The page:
Saturday, March 28, 2015

Non-Traditional Prepping Items

I read this article recently on 33 Brilliant Non-Traditional Prepping Items.

Here's the list of items in the article (you'll have to go to the article for more of an explanation of each item and why the person stores it).

1. Marbles!
2. Sandbags.
3. Daughter’s blankets.
4. A whiteboard and markers.
5. Books on herb craft.
6. Dr. Bonners Castile soap.
7. Wind-up watches and a wind up alarm clock.
8. Journaling supplies.
9. A kindle or iPad for storing prepping info.
10. Fabric in several types (flannel, cotton, wool etc.).
11. Feed bags.
12. Plastic yogurt cups.
13. Treadle sewing machine.
14. Family history.
15. Collection of games and kite making materials.
16. My grandmother’s cookbooks.
17. Carving tools.
18. Essential oils kit.
19. Books on foraging and how to use herbs and essential oils.
20. Lasik eye surgery done.
21. I have printed almost every “from scratch” recipe I could find.
22. Fire extinguishers.
23. Free samples of diapers, incontinence products, saw blades – anything that I can get.
24. Although you should not store drinking water in old milk bottles, I store water in them to refill the toilet tank for at least 3 days-till other arrangements can be set up.
25. The WonderBag for cooking.
26. Board games & card games.
27. Crossword and word search puzzles.
28. Cloth diapers and accompanying accessories.
29. A French press for making coffee.
30. Walker/cane.
31. Distiller for water and making alcohol (for barter, of course!).
32. Travel books with lots of pictures. Also, a world map.
33. Theology books.

I'm not sure that I would have considered most of these "non-traditional", and in fact, books (numbers 5, 16, 19, and 33) are in my book as recommended prepping items; as are games and puzzles (numbers 15, 26, and 27).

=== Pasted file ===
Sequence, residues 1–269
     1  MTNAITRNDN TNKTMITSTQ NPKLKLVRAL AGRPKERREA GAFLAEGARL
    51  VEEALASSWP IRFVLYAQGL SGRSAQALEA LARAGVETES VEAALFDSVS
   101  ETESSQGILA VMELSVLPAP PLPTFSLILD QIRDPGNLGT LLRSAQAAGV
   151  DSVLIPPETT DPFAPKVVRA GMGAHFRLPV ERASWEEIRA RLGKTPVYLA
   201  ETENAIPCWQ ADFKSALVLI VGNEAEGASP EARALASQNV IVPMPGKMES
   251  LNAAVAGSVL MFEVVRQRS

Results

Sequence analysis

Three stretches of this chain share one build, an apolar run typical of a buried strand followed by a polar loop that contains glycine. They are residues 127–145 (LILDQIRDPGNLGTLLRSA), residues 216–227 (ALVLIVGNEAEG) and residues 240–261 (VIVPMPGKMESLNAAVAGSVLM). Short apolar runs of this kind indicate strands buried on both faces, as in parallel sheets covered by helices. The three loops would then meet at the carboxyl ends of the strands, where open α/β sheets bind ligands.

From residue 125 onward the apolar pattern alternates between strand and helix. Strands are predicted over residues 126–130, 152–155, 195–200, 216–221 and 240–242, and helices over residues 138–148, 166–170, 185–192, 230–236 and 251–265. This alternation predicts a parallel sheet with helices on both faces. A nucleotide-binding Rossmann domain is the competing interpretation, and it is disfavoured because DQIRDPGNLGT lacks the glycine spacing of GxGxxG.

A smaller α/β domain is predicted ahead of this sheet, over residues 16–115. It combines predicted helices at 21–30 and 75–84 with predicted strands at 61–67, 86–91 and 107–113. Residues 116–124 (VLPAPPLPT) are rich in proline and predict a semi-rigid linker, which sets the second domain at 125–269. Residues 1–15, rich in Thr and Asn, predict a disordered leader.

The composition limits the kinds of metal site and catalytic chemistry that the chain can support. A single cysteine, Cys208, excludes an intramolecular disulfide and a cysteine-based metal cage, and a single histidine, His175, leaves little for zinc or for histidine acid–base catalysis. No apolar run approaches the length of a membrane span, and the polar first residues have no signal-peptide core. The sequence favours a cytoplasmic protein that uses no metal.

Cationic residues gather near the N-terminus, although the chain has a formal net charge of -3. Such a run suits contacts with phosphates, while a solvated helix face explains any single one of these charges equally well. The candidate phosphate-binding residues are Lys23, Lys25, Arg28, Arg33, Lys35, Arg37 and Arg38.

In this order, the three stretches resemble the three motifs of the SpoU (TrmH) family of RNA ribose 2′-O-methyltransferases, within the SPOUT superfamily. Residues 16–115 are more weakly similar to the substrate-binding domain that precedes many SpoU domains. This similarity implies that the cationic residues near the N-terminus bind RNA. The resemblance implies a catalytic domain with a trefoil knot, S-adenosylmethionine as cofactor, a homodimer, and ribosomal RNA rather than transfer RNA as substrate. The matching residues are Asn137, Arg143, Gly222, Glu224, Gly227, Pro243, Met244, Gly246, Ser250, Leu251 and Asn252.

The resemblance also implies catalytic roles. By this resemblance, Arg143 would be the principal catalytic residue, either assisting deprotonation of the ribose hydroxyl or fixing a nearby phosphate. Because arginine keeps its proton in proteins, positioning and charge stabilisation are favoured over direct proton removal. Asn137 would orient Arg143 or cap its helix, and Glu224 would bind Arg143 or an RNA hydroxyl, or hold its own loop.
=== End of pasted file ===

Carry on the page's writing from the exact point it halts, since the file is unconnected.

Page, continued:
Since I don't have babies, I hadn't thought about diapers, at least for myself, but what I have done is to keep old shirts that are either too torn or too stained for donating. I also have a pattern for making cloth diapers. So, I guess that's #10, #23 (in part), and #28.

If I were going to add a "unique" item that we store, it would be bottles, because we brew our own beers, wines, and Kombucha. I also keep jars and lids - but only the ones that are the same size as regular canning jars. That way, I have more jars for canning, and I can reuse the lids for all sorts of storage things.

Bottles and jars don't, really, seem like very creative or innovative things to store to me, and we probably don't have any super different things. We've collected a lot of non-electric items over the years, like our pencil sharpener (with dozens of unsharpened pencils and a few blank journals - #8), an old manual typewriter, a water-powered alarm clock and calculator (#7), a solar and dynamo powered phone charger, oil lamps, manual food mill/grinder, manual apple peeler, the French press mentioned above (x2 - #29), and an assortment of other tools and gadgets.

I guess if I have anything that might be considered kind of unusual, it would be the large store of beef fat and pork fat in my freezer that is waiting to be rendered so that I can make soap or ground into rabbit sausage.

My favorite item in the above list was #2. The sandbags were used to build a root cellar, which I thought was very creative, and I'm thinking it might be a really awesome project for under our wood shed.

Now, where to find the sandbags ....

What unusual/creative prepper item have you stored?


  1. Really, we just have most of these things in our house. Except theology books. I am going to have to run out and get some of them, just in case..

  2. A kindle or iPad for storing prepping info? You'd need power for that. Also Lasik- our doctor told us he'd veto that. He said your eyes are never designed to be reshaped, and you have to re-do every 10 years or so. My brother in aw is now in that boat. I'd stick with glasses (and extra pairs). I'd save any kind of buttons and sewing/repair items- zippers, threads, patches. Lots of books, and teas!

    1. I'm thinking maybe the person who mentioned that item probably considers off-grid power a "regular" prep (?).

      Yes! Sewing supplies! During the Civil War blockades, people living in the south, behind the blockades, used all sorts of innovative things (like acorn caps) for buttons. They probably would have liked to have been able to stock up on those while they had a chance ;).